The PS5 Could be a Cloud-Based Console

We’ve become comfortable with our discs, with our controllers and gaming consoles. We’ve allowed our imaginations to fall asleep. Sure we’re seeing virtual reality making a comeback, but that’s not enough. That’s just refining a technology that was far too ahead of its time when it was first introduced (anyone remember the headache inducing Virtual Boy?) What I want to know is where’s the innovation? Going from cartridges to discs: that’s a leap. Moving from 2D to 3D graphics: that’s a leap! Really, really pretty graphics: that’s nice, but we’re overdue for another leap in gaming innovation, and my money’s on the PS5. There’s growing evidence that the PS5 could be a streaming console powered by the cloud. Join us as we look at the evidence, and how a console like this could function. Major Players in The Game Industry Believe Streaming is The Next Big Thing Ubisoft is one of the largest publishers in gaming, responsible for hit titles like Assassin’s Creed, Far Cry, and The Division. While they don’t have specific control over how Sony will structure the PS5, their CEO, Yves Guillemot, has offered some insight into a potential future for game consoles. On IGN’s Daily Fix, a new quote from the CEO was revealed: “I think we will see another generation, but there is a good chance that step-by-step we will see less and less hardware. With time, I think streaming will become more accessible to many players and make it not necessary to have big hardware at home.” So, while Ubisoft’s CEO doesn’t think the PS5 may necessarily ditch hardware entirely, he does believe that this will be the transition gaming takes into the future. Yves was also one of several major players in the industry who contributed to a recent Kotaku article on streaming high-end games Todd Howard also spoke with the Kotaku author over at The Guardian. Gamers will know Todd as the head of Bethesda’s game studio and the father of titles like Fallout and The Elder Scrolls. As it turns out, Todd is indeed a fan of streaming as a potential next step for gaming: “I think streaming technology is definitely coming, and it’s gonna make people’s access to games infinitely easier. You’ve seen it happen to music and movies​, and it’s definitely gonna be happening to gaming,​ and I think it’s a great thing.” While Sony has been offering cloud streaming with PlayStation Now, the head of Xbox, Phil Spencer, has been talking about the technology a lot since E3 2018. From his perspective, streaming allows them to reach gamers on any device, not just a console. He predicts a future where game creators can reach billions of people. He makes a good point in the aforementioned Kotaku article when he says that some studios resort to simple match-3 games instead of immersive story-driven experiences because they need to develop for mobile platforms and the hardware limitations within. Phil Spencer’s second quote in the article is also very interesting: “That … Read More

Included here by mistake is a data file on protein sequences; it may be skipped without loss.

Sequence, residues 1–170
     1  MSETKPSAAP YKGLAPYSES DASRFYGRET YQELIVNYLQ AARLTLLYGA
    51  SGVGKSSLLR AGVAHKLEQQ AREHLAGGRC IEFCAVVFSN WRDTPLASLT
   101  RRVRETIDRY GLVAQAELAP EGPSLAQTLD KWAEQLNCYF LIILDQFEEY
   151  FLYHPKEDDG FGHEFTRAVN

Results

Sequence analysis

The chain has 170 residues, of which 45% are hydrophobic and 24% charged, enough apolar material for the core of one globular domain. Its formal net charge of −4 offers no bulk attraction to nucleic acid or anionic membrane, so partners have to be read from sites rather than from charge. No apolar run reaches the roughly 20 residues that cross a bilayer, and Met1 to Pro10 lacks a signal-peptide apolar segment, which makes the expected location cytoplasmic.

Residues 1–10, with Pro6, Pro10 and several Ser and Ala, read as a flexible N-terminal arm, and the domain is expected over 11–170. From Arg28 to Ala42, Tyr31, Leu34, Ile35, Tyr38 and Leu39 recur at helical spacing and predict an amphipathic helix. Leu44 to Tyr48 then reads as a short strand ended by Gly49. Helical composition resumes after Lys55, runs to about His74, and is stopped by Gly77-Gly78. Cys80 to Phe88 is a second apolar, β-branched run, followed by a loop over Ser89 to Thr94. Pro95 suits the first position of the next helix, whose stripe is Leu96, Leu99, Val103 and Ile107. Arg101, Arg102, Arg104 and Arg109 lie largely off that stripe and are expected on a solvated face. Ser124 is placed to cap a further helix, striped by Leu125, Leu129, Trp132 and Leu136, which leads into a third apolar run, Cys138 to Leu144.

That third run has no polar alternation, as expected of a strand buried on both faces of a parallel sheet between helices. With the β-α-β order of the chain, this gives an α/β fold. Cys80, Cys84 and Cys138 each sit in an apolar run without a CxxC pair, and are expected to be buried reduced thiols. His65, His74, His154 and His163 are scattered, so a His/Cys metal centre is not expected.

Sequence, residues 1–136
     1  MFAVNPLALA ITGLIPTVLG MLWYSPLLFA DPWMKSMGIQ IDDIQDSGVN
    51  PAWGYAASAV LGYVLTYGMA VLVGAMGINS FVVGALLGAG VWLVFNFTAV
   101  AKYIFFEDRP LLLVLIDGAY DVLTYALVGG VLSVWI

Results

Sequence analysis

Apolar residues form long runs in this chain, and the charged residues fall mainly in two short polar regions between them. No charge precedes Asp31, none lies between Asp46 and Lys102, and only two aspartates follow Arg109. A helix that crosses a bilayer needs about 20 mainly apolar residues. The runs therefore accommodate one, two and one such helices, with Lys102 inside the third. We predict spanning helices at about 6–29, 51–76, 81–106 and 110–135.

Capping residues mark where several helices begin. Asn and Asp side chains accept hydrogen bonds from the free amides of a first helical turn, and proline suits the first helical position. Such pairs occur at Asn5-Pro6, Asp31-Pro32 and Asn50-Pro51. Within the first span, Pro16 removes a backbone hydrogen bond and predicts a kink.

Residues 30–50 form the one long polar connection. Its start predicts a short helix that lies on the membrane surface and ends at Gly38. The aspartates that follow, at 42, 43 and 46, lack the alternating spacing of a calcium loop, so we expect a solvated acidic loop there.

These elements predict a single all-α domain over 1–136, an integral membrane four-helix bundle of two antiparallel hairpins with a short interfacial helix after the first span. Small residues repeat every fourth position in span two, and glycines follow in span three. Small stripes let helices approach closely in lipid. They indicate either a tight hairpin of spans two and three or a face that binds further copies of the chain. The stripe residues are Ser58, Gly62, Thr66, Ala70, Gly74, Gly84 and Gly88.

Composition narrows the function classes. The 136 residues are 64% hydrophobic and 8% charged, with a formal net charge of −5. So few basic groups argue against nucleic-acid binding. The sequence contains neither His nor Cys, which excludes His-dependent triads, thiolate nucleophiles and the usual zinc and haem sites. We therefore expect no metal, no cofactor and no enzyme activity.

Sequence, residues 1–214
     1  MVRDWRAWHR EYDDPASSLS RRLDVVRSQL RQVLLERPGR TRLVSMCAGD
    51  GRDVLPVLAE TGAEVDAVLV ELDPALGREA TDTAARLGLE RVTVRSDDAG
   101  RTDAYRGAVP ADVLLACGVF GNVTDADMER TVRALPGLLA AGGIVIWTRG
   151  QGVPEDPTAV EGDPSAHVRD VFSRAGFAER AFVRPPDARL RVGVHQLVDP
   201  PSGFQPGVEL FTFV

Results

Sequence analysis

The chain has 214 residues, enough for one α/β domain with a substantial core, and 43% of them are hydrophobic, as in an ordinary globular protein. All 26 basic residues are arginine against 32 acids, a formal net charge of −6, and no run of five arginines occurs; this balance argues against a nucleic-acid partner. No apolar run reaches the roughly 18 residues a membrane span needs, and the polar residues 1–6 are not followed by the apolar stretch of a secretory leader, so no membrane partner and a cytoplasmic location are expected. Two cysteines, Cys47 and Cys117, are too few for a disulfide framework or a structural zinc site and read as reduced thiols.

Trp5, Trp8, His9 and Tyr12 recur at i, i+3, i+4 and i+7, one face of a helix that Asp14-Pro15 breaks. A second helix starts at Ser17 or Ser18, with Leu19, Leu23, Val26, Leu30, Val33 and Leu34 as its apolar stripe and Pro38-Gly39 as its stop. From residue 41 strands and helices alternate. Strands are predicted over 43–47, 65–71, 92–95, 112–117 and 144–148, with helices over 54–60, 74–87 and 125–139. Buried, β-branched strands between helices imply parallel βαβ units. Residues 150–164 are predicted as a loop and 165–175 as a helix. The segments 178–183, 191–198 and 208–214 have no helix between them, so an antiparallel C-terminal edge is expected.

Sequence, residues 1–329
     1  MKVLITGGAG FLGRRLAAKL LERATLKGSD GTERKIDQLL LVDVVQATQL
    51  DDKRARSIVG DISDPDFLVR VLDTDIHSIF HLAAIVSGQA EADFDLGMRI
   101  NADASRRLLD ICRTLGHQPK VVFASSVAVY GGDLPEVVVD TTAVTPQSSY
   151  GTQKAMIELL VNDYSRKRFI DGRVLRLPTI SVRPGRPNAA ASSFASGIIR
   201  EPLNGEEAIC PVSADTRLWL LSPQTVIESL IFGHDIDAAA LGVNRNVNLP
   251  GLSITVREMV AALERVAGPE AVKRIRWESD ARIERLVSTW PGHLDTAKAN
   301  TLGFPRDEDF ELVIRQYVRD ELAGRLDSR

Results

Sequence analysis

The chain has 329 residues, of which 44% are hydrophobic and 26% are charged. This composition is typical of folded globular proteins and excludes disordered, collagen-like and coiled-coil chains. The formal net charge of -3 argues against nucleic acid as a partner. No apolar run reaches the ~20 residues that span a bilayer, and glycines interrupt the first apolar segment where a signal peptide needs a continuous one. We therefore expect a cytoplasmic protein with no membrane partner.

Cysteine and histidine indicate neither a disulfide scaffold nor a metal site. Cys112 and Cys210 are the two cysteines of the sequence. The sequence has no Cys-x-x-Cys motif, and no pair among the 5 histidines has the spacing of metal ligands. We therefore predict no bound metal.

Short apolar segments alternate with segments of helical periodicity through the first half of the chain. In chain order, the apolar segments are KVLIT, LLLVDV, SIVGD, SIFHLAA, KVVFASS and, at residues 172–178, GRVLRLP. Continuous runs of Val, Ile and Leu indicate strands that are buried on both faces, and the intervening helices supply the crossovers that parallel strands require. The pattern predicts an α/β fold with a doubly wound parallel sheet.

The PS5 Will Be Backwards Compatible, Thanks to Microsoft

Every time a new console is announced, the first question on everyone’s minds is “will it be backwards compatible?” We are happy to tell you that on 4/16/19 Playstation’s Mark Cerny confirmed the PS5 will be backwards compatible with PS4 games in an interview with Wired Magazine. That being said the fear of a new generation invalidating all of our purchases from the previous one is very real in gamers everywhere. The very structure of the PS4 was completely different than the PS3, which was the basis for why Sony said the PS4 could not be backwards compatible. Even so, they’ve made concessions here and there. Looks like they are getting it right for the PS5. Meanwhile. Microsoft is making more and more Xbox 360 games compatible on the Xbox One every week. Sony’s been backed into a corner. It’s time to bring out the claws and make backwards compatibility a feature on PS5. Thankfully, rumors are pointing to this being the case. PS5 Backwards Compatibility: All The Latest Evidence The PS4 is absolutely killing it this generation, with millions of consoles now comfortably sitting in gamer’s homes. That’s an impressive install base, but if Sony releases a brand new console without backwards compatibility, they would essentially starting from scratch. Yes, the PS4 would continue to exist for several years, but when it comes time for the PS4 to go the way of the dodo bird, all those gamers will have a huge library of games that they can no longer play on PS5. It doesn’t make sense any way you slice it, and with Microsoft already offering backwards compatibility on Xbox One X, so Sony had to step up. Here is what some of the evidence was that Sony was going to include backwards comparability: Software Testing Patent If you’re feeling like you need more technical documentation in your life, you should check out this full patent listing from Sony. If you’d rather get to the point of it all, here’s a quick excerpt: “If the CPUs of the new device have lower performance than the CPUs of the legacy device, many errors in a legacy application may arise due to the inability to meet real-time deadlines imposed by display timing, audio streamout or the like. If the CPUs of the new device have substantially higher performance than the CPUs of the legacy device, many errors in a legacy application may arise due to the untested consequences of such high speed operation.” Breaking this down, the excerpt describes an issue with running legacy software on more or less powerful CPUs. If the hardware is more powerful, such as the case with PS5, there could be unintended consequences of throwing an older game into this new environment. The goal of this patent is to create a timing testing mode that can “disrupt” the processors and test for errors while in this mode. On it’s own, this doesn’t guarantee anything, but it does prove that the concept of backwards compatibility was … Read More